Light or No Light?

Discussion in 'Chicken Behaviors and Egglaying' started by crazychickenldy, Jan 31, 2011.

  1. crazychickenldy

    crazychickenldy Out Of The Brooder

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    Jan 16, 2011
    London, OHIO
    We keep a low watt light on our laying hens 24-7. They seem to do well, lay well, and are rather content with this set up. Does anyone else use a light on their birds 24-7? We were concerned that during the winter months, too much darkness might cause them to moult, or at least that is what we heard could happen. During the summer, we let them out at 5 am and they go in around 9 when it is dark, and we do not leave a light on for them.

    I am basically just trying to get some feedback/general consensus about what other people here do as far as lighting during the darker winter months
    Is there any downfall to providing TOO much light? Here in ohio, the sun rises about 7:00 am this time of year and it starts getting dark around 5:00-5:30. Any advice from you veterans out there would be much appreciated. I want to make sure I am not in some way harming the birds by keeping the light on all night..

    Thanks again! [​IMG]
     
  2. mstricer

    mstricer Overrun With Chickens

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    Feb 12, 2009
    Ohio
    Hello crazychickenlady, I have a light on my birds from about 6:30a till 5:30p. I do it mainly for warmth. I would not leave a light on 24/7 due to the fact they need to sleep. I don't know if you've ever gone out when its dark in your coop with a flashlight or not, but I have and they do not like it at all. Think about it do you sleep with a light on? As for molting most chickens start molting around August some later, I had a large amount of my birds molt altogether towards early Dec into the beginning of Jan. I still have a few of my breeding birds molting. I do believe they all molt. They dispose of old feathers and get new, some molt hard and some not so much. It does delay egg laying though and I had 30 girls not laying at one time but now most are back in game.
    [​IMG] from West Salem, Ohio
     
    Last edited: Jan 31, 2011
  3. Jesseschickens

    Jesseschickens Chillin' With My Peeps

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    Jan 4, 2010
    somewhere in Pa
    i wouldnt keep it on all the time. As long as you dont have a pecking echother problem you should be alright:lol:
     
  4. mstricer

    mstricer Overrun With Chickens

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    Feb 12, 2009
    Ohio
    My birds go in for the fight when I go to remove water and feeder after dark. As soon as I go in with the light they start to peck each other turn it off they stop, back on they start its crazy.
     
  5. Kathleen1115

    Kathleen1115 Out Of The Brooder

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    Jan 21, 2011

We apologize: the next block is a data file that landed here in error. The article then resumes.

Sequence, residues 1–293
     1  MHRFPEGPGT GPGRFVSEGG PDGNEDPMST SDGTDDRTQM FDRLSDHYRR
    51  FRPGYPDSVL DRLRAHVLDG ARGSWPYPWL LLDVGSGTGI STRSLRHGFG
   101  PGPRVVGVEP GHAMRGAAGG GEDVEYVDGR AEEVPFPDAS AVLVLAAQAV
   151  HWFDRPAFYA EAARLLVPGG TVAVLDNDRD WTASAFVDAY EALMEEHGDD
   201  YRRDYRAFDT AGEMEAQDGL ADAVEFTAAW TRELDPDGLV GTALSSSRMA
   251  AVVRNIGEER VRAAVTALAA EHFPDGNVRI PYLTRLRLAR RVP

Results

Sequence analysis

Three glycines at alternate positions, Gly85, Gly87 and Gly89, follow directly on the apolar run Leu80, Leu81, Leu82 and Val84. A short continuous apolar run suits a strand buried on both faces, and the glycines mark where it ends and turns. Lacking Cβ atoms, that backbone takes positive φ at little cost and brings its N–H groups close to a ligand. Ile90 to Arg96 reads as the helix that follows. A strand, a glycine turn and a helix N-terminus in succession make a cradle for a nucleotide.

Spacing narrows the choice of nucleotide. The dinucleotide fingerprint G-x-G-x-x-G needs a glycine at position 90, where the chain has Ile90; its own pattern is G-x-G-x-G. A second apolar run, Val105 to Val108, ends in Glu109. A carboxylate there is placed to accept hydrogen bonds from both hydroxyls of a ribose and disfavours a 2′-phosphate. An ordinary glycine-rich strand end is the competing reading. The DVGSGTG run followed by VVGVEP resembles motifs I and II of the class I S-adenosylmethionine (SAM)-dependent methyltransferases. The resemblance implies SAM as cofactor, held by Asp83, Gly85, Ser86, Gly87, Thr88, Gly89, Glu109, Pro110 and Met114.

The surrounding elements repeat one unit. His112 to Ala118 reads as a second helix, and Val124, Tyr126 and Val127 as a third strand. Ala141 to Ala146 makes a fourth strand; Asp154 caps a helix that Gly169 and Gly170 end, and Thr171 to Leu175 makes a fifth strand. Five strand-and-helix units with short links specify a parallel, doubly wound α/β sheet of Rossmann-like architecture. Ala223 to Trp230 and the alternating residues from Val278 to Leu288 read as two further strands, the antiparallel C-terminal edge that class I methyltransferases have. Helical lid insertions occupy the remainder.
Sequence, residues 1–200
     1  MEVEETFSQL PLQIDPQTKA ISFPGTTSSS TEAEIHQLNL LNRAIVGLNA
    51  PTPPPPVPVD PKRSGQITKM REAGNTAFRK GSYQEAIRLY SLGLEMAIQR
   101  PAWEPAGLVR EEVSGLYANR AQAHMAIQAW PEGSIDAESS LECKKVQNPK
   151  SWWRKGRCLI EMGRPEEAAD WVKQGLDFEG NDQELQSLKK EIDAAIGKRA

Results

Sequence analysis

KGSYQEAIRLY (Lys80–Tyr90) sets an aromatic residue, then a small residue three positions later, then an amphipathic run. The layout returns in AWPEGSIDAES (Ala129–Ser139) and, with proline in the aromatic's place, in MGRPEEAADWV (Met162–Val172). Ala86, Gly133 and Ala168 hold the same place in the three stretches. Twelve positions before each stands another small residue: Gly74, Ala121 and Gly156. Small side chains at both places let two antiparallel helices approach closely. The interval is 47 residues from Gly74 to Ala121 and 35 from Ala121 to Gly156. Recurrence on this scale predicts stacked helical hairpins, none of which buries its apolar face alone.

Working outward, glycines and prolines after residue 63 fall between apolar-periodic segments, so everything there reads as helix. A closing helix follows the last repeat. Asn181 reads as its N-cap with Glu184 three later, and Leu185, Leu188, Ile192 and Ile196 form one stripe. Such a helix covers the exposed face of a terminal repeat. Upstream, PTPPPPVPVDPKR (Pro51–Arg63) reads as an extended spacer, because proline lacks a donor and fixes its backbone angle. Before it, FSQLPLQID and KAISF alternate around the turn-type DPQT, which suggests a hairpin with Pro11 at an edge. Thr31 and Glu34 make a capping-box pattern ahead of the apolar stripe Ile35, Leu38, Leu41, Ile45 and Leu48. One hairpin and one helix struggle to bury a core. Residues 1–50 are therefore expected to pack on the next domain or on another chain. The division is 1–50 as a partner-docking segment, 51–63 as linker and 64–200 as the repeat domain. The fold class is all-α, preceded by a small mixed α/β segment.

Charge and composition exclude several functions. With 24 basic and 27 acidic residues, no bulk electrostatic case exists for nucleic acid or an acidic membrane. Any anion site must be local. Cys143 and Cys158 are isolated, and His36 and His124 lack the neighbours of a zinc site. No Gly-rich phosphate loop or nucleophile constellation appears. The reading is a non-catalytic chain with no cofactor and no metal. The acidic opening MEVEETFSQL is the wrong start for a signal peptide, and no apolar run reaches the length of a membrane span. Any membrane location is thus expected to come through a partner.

We gave ours 24/7 light when they were chicks and young pullets and then kept them with it when we moved them outside in October since it was starting to get cold and they were still young. In December we changed them to a red heat lamp and a white 60 watt bulb. More recently, I stopped turning on the heat lamp unless it is going to go below freezing during the night and added a timer for the white light that goes on around 5:00 pm, off at 10 pm, back on at 5 am and off at 8 am -- this gives them some added warmth as they're settling in for the night, gives them enough light to keep laying (which they all have) and enough darkness to sleep. BTW -- I've seen my girls all roosting and sleeping with the light on, probably because that's what they'd always had, but now that they're old enough I want to wean them off of it.
     
  6. Dogfish

    Dogfish Rube Goldberg incarnate

    Mar 17, 2010
    Western Washington
    My light is on a timer for 17 hours every day.
     
  7. Imp

    Imp All things share the same breath- Chief Seattle

    I have a light on 24/7. Have had chickens for about 7 years. Have never had a pecking problem, and they have no problem sleeping. It was recommended to me when I first got chickens. And it works for me.

    Imp-I think you should do what works for you.
     
  8. Totalcolour

    Totalcolour Chillin' With My Peeps

    We bought some of those solar driveway lights from Home Depot - put the solar panel on the coop roof and two of the lights inside. In western Washington, here in the middle of the forest, we get limited sunlight per day. The light we get is just enough for the solar panel to keep the coop dimly lit for about 5 hours.

    We put the panel up about 3 weeks ago, and it really made a huge difference in egg production. It took a few days but all 12 hens are laying, and we are getting a higher number per hen than last year. Course, that could be due to having some new pullets and getting rid of the older hens!
     
  9. primal woman

    primal woman Out Of The Brooder

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    Oct 11, 2010
    Oregon
    Here is an enigma for you about lighting. I separated some three month old chickens. One batch I left the light on 24 hours a day, they did NOT go into a molt at all. The other batch I left to natural lighting (in late Sept in northern state) and they all molted shortly thereafter as was normal. May have paid off. The first batch were separated so I could butcher them, no need for them to grow new feathers if I am going to butcher them!
     
  10. crazychickenldy

    crazychickenldy Out Of The Brooder

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    Jan 16, 2011
    London, OHIO
    Thanks for all the input guys! Ill let y'all know if we decide to changee things up. The timer idea might be option. I am just ready for spring/summer when mother nature will take care of it! This icy mess here in ohio stinks! [​IMG]
     

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